Alex Pollak

Tony Seba, the energy disruption guru and Stanford University lecturer visiting Australia last week, was absolutely right in saying there was "no excuse" for any board of a utility in Australia not to know what's coming, in reference to a world with centralised power generation, 100 per cent electric vehicles and minimal private car ownership. He just didn’t go far enough. It won’t just be utilities and energy boards (Origin, Woodside, Liquefied Natural Gas, Transurban). The perfect storm of disruption heading our way - as we said here (VIEW LINK) - will hit companies as diverse as Woolworths, Coles, as well as Scentre, Woodside, BHP, Rio, IAG and even Carsales. Oh yes… and the banks. Do the directors of these companies see what is coming? Mostly the answer to that is yes – they talk a story based on incumbency, but it’s a rearguard action designed to prevent investors from being frightened, and bailing out, which would be bad for the share price and therefore remuneration. Nevertheless, they know its coming. So the question might be: Why don’t they do anything about it?

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Answering this question is very important in understanding why disruption works, and why big companies can do so little about it.

As we opined in the AFR a couple of months ago, - you can read it here: (VIEW LINK) - from from the corporates’ side, investing for the long term is hard because management must ensure there is no slippage in profit and profit growth. If profit slips, the slipping company pays heavily in terms of a falling share price, which in turn affects management remuneration through the bonus and share schemes. Executives don’t like to see their bonuses cut and will kick the problem down the road as far as they can, so it is the next executive’s issue. In a tough economic environment this means that risk-taking, pushing the company meaningfully down a different, disruptive track that may be critical to its long-term success is too often off the agenda. It must be, because it cuts into short-term profit growth and the bête noire of the Australian investment landscape, franked dividends.

OK. Nor are analysts doing investors – or the companies - a favour. Swallowing the company line will be shown up over a couple of years in profit reports which consistently reveal at first the absence of revenue and earnings growth, and then declines. By that point, investors who have believed the companies and the analysts are usually in too deep – by which I mean they hold positions that have fallen by an amount which no longer permits rational behaviour. We have all been there, and i have seen it in big institutional positions (the value traps).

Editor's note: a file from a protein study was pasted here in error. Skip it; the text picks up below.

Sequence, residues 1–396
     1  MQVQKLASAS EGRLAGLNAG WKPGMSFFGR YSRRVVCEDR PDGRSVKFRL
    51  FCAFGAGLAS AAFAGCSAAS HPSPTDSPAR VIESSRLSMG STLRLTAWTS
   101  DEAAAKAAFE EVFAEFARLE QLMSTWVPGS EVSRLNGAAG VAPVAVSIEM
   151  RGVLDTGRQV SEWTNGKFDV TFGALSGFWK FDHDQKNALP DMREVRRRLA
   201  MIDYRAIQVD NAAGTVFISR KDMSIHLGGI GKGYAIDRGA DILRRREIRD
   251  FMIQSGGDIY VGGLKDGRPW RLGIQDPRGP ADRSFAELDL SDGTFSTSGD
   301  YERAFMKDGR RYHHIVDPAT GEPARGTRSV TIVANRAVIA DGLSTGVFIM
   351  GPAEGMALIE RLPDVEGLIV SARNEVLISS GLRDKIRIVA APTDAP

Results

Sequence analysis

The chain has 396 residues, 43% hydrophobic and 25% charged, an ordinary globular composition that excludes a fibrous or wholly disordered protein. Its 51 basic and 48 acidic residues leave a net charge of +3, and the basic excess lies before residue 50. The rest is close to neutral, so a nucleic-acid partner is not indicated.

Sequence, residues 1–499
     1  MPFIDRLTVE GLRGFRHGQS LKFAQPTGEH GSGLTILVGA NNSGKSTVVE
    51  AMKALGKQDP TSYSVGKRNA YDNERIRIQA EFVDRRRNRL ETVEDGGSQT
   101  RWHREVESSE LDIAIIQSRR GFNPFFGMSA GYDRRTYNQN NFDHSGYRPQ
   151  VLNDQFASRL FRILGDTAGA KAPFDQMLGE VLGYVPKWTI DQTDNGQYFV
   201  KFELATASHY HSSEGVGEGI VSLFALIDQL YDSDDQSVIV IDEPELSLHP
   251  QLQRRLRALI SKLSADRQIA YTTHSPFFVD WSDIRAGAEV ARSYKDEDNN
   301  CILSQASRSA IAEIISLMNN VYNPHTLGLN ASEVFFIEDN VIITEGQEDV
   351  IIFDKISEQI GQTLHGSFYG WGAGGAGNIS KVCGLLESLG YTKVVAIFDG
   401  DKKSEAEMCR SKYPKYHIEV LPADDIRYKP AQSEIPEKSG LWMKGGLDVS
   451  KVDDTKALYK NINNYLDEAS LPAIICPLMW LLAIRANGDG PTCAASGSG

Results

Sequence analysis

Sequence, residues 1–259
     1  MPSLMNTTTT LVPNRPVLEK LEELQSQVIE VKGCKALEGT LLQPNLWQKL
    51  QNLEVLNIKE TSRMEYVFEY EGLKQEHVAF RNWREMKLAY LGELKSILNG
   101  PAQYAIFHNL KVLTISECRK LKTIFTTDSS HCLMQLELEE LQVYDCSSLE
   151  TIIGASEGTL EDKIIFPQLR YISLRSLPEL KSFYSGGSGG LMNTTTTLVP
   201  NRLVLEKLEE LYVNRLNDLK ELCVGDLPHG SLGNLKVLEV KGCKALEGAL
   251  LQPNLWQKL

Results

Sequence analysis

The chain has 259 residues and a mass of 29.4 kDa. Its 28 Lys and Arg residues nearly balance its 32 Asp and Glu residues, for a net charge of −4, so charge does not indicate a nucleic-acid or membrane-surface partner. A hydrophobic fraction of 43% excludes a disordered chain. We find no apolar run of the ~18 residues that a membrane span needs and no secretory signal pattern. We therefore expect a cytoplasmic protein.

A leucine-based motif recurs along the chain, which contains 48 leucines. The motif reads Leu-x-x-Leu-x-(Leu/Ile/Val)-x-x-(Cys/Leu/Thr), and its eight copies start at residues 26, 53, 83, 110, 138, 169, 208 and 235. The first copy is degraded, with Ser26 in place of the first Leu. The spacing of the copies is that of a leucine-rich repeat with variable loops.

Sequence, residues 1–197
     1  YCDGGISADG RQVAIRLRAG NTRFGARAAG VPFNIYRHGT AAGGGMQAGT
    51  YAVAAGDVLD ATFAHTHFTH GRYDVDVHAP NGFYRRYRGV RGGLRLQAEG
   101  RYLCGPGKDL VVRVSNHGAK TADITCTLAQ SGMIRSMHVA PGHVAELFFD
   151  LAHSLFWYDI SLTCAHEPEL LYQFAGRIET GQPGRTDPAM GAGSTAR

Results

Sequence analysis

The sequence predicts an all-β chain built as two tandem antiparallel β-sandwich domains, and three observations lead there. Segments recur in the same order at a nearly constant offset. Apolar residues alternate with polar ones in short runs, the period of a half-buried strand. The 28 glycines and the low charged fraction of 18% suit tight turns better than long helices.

For an analyst, rejecting the company line is punished by restricted access to management, impacting their ability to do their jobs. I know. I have been there – and industry players who were there with me know the companies I am talking about.

It just doesn’t do any more to think about the value of investment in Australian businesses without considering the megatrends that are reshaping the world. (Remember the former Telstra Sol Trujillo’s famous “Google, Schmoogle” comment, in reference to the value of Sensis. One wag correctly rebutted it thus at the time: “Sensis, Schmensis).

To contextualise this, we know there are hyped tech floats in Australia. Just pointing it out without delving into where they fit relative to global disruption - the thing, not the buzz word – isn’t helpful. Any investor and all analysts and directors in Australia will have to consider the global megatrends, as multiples derate to reflect the real world - what will happen to Woolworths and Coles when Amazon comes to Australia? (VIEW LINK) The lesson of the past 20 years is that they can't manage for this, which is why investors have to pay particular attention to the real world as well as company and analyst commentary.


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